PORTLAND, Ore. (KOIN) – Oregon Democratic gubernatorial candidate Tina Kotek held a press conference Wednesday alongside reproductive rights leaders. 

The event was meant to highlight the stakes for abortion access in November. It’s taking place a day before Idaho enacts a near-total ban on abortion. 

“Tomorrow, our neighbors will lose the fundamental right to make decisions about their bodies and their futures,” Kotek said at the press conference.

Kotek said she fought for abortion access in Oregon while serving in the House of Representatives because she knew there would come a time when Supreme Court judges appointed by President Donald Trump would overturn Roe v. Wade.

On Friday, a new Idaho law already banned abortions beyond six weeks of pregnancy. Thursday’s law will take it one step further, making all abortions illegal except for situations where patients can provide a police report in cases of rape or incest, or if the mother’s life is in danger. 

Physicians who provide abortions outside these few exceptions could face up to five years in prison. 

At Kotek’s event Wednesday, she was joined by An Do, executive director of the Planned Parenthood PAC of Oregon; Christel Allen, executive director of Pro-Choice Oregon; and Courtney Helstein, political director of The Mother PAC. 

According to the Oregon Secretary of State, the Planned Parenthood PAC of Oregon has donated $5,000 to Kotek’s 2022 campaign. Pro-Choice Oregon gave $300 to Kotek in 2008 when she was a state representative. The Mother PAC has given $4,000 to Kotek since 2010. 

“I will make sure Oregon is a beacon for people around the country who need access to this fundamental healthcare,” Kotek said at the press conference. “These decisions should be between a woman and her doctor.”

The Pro-Choice Oregon PAC has previously given $1,500 total to Kotek’s opponent, Betsy Johnson, who’s running unaffiliated in the race for governor. The contributions were issued in 2008 and 2010. 

Kotek claims she is the one candidate that Oregonians can count on to defend abortion access, but Johnson told KOIN 6 News after Roe v. Wade was overturned that she is also a “pro-choice candidate.”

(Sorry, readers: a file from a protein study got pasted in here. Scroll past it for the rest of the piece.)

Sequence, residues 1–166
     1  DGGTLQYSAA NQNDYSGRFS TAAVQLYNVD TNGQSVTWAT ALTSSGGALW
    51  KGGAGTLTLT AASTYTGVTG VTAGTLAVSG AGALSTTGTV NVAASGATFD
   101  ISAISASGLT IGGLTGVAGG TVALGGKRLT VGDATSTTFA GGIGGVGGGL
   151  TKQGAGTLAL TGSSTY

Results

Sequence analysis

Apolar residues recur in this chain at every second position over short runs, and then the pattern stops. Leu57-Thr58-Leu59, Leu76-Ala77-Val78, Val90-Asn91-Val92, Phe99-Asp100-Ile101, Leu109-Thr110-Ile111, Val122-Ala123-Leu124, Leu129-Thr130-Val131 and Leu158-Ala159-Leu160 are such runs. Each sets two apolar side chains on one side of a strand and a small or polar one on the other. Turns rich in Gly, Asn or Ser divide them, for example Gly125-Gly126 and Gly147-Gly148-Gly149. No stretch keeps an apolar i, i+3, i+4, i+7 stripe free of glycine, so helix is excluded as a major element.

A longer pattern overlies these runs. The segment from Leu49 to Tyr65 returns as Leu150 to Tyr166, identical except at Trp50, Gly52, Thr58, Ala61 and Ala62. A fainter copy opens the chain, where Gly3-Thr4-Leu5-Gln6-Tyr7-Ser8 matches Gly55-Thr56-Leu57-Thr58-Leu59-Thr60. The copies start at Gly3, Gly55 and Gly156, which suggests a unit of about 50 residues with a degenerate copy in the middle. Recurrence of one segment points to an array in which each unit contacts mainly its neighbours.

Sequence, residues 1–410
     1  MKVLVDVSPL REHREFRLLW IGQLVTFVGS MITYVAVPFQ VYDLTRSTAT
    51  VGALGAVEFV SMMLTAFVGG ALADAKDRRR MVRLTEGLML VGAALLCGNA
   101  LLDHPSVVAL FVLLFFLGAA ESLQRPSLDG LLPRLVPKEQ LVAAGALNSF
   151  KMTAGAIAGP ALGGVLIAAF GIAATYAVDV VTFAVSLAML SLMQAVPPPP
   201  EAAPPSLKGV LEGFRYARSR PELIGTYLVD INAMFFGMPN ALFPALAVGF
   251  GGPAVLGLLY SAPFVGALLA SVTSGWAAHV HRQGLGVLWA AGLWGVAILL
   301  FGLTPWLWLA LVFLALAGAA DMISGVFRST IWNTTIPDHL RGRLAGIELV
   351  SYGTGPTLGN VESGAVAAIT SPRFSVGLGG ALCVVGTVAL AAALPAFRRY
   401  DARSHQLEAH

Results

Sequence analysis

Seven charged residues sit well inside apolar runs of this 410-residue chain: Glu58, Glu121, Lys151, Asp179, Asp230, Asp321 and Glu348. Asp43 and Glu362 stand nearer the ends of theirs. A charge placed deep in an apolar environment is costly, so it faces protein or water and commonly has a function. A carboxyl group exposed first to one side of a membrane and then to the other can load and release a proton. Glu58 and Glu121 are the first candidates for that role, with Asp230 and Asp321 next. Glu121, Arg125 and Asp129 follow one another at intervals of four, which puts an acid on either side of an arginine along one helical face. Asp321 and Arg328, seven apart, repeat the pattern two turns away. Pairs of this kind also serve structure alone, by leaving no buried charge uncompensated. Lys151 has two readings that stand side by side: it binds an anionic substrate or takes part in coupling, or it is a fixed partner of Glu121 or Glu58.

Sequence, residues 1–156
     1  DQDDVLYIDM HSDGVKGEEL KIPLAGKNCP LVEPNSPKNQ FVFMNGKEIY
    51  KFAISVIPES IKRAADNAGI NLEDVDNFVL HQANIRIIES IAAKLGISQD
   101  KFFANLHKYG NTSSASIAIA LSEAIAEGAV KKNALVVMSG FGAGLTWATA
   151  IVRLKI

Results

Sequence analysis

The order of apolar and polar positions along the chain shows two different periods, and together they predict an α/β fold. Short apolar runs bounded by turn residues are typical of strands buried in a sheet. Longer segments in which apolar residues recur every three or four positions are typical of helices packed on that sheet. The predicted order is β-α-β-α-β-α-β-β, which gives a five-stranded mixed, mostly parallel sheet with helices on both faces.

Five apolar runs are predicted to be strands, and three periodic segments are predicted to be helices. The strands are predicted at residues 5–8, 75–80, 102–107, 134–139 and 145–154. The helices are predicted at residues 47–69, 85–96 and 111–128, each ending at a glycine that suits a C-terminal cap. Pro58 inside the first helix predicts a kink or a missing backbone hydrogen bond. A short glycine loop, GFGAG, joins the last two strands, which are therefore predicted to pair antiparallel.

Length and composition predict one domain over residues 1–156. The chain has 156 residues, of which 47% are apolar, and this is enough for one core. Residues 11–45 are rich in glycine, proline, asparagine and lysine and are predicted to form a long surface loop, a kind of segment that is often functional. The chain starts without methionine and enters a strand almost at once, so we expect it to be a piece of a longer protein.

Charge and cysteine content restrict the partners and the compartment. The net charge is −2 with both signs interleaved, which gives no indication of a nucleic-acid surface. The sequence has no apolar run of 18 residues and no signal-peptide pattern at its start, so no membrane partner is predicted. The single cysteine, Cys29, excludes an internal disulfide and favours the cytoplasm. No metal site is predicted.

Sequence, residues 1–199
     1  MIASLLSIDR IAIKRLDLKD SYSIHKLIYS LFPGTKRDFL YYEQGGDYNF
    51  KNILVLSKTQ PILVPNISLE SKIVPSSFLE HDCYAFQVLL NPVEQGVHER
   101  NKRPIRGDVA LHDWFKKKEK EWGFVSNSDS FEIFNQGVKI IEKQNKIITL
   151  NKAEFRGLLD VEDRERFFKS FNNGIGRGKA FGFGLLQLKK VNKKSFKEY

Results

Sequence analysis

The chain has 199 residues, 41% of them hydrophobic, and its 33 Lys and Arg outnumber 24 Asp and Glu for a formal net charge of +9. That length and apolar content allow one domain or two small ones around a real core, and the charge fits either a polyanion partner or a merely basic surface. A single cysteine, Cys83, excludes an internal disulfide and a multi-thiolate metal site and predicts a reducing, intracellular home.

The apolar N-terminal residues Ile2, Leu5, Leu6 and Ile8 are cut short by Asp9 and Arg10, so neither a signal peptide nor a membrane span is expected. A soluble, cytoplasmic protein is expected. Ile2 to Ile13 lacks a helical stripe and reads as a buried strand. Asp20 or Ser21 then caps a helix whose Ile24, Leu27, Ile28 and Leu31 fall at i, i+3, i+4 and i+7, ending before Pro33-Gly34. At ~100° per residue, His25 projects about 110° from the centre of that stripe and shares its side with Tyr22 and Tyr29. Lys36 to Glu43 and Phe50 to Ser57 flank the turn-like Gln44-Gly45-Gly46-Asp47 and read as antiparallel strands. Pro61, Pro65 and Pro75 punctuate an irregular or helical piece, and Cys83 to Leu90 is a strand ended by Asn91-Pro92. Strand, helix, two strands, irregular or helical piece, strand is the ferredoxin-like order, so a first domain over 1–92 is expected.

“I’m unequivocal about my position on choice. There’s two pro-choice candidates and one anti-choice candidate,” Johnson told KOIN 6 News. “And frankly I resent the fact that Ms. Kotek says I am equivocal on this issue. I served on a Planned Parenthood board here in Oregon, I’ll submit to you, before she became an Oregonian.”

Johnson said she left the Republican party on the issue of abortion rights. She believes it’s a “core value” in Oregon and said if she’s elected governor, Oregon will remain a “pro-choice state.”

At the event Wednesday, Allen from Pro-Choice Oregon said the PAC cannot support Johnson in the race for governor due to bills Johnson has voted against in recent years.

In an interview with KOIN Wednesday, Johnson responded to that statement saying her voting history absolutely does not mean she’ll change things when it comes to abortion rights in Oregon.

“I reject the premise and I think that is not true. You want to look at the anti-choice person in this race? It’s Christine Drazan. For them to suggest that I’m not pro-choice, I reject unequivocally,” she said.

Johnson said the one abortion-related issue she and Kotek disagree on is using Oregon funds to support out-of-state abortion access. Johnson believes Oregon funds should stay in Oregon.

When it comes to the law Idaho plans to enact Thursday, Johnson called it “draconian.”

“There are parts of it that are just unbelievable to me. I believe it’ll be challenged in law,” she said. “That’s why we have to have a pro-choice governor in Oregon and I am that pro-choice governor.”

Republican gubernatorial candidate Christine Drazan told KOIN 6 News in July that she’s a “pro-life woman.” 

“It is a faith-based decision for me and I don’t shy away from that. Recognizing as well that Oregon law has enshrined in Oregon law every feature of Roe v Wade and despite the Supreme Court ruling there is in fact no uncertainty within the State of Oregon for what abortion services will remain,” she said. 

Drazan said if a bill came to her desk to expand abortion access she would veto it. But she does not plan to proactively push laws to limit abortion rights in Oregon in the Democrat-controlled legislature. 

KOIN requested a new statement from Drazan regarding abortion. She did not send a statement before deadline.